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Take a walk around the square
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The Jackson County Historical Association (JCHA)

Those who have no pride in the past or no hope for the future seldom keep good records. The past 156 years in Jackson County have certainly given us much to be proud of – both individually and collectively. Knowledge of the past inevitably leads to a deeper appreciation of our heritage and to a sense of responsibility to those who will come after us. So little of Jackson County's history has been recorded for posterity. No group ever faced a greater challenge. At first, the task may appear monumental. If we join hands for small steps during our first year, we can build the foundation for future growth in every direction. Let's all have fun together and really enjoy history as a hobby. I feel safe in predicting visible results from such a group in action.

JCHA cofounder Ann Chambless’s prolog to the first issue of The Jackson County Chronicles in 1976
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A note from the editors:

History drawn from documents bears the stamp of authenticity, but lacks the immediacy and humanity of first person accounts. Shelby Foote, the novelist-turned-historian, was criticized by the academic community because he used the narrative techniques of fiction to bring the Civil War alive. Yet Foote is for most of us the most distinctive and compelling voice recounting the war. He dramatizes the conflict in vivid, disturbing, and memorable ways.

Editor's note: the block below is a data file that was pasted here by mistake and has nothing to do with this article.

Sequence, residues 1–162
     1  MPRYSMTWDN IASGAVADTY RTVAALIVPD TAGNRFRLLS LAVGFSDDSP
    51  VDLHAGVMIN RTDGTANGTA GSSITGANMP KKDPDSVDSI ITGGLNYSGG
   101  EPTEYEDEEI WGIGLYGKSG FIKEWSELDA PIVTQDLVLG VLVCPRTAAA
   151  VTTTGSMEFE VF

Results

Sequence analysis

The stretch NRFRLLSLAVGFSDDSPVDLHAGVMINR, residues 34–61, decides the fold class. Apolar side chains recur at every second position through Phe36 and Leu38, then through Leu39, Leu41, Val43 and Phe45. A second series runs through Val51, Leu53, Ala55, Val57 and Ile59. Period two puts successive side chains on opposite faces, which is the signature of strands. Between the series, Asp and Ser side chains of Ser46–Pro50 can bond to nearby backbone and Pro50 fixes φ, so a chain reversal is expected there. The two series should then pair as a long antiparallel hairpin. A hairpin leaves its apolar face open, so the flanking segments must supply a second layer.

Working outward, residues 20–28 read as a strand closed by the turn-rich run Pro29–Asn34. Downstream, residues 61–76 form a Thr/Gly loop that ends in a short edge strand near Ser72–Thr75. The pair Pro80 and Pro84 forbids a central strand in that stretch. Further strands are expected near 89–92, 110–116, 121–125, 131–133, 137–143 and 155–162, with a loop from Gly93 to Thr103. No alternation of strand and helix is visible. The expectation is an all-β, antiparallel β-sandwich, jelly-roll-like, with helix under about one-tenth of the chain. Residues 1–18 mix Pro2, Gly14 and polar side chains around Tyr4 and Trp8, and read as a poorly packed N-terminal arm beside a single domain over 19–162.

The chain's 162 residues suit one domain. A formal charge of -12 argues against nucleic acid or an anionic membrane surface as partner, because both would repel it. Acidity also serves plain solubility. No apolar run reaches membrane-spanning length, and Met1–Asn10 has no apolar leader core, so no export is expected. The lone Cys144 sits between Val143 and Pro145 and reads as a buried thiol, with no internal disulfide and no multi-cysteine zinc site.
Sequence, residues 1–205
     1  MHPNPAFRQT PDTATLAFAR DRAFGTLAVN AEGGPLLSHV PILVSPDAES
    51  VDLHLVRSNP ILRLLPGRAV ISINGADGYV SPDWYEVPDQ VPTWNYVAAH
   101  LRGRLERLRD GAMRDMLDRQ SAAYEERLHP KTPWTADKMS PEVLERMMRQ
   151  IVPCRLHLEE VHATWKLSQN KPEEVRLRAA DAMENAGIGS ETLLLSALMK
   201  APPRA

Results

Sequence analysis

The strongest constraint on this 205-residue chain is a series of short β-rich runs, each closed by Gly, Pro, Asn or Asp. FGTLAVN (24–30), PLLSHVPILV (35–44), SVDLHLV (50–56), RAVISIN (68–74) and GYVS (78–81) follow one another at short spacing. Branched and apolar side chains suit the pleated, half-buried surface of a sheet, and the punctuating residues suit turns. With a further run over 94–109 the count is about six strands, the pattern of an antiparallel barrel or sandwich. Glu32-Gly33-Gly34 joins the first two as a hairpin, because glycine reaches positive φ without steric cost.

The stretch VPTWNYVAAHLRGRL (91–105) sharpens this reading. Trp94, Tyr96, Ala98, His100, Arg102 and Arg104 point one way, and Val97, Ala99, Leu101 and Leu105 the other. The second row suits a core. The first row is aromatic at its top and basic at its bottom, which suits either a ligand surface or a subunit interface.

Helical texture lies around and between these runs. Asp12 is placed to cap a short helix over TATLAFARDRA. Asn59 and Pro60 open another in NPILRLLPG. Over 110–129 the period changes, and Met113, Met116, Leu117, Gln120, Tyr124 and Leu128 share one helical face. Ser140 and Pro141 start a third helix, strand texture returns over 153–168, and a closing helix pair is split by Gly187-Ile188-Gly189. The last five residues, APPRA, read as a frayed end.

It’s peculiar to those of us born in the wake of WWII that we are now the ones to write history. We are positioned and even obliged to recall the people and events that made our communities memorable and unique.

We’ve been told that 60 is the new 40, but doesn’t hold up in the business of history. In our field, 60 is the new 80. Sixty is an asset, one that uniquely qualifies us to sketch the our childhood and young adulthood for posterity. Too many of those before us believed that their knowledge was too ordinary to warrant being committed to writing. But through the writings of women and men who timidly offered accounts of their lives, we cannot fail to understand both what we’ve preserved and what we’ve lost. Telling our tales might seem self indulgent now, but to succeeding generations, it will be viewed as a gift.

The editors of The Jackson County Chronicles have set 50 years (1966 at the time of this writing) as the dividing line between the contemporary and historical. Unfortunately, those coming of age in the 1950s and 1960s do not yet constitute the core membership of the JCHA.

We appeal to a “new generation” to write accurate and engaging histories of the county. The “Walk Around the Square” is our first collaborative project, but it is only a beginning. The JCHA needs the ideas, voices, and membership of a younger generation.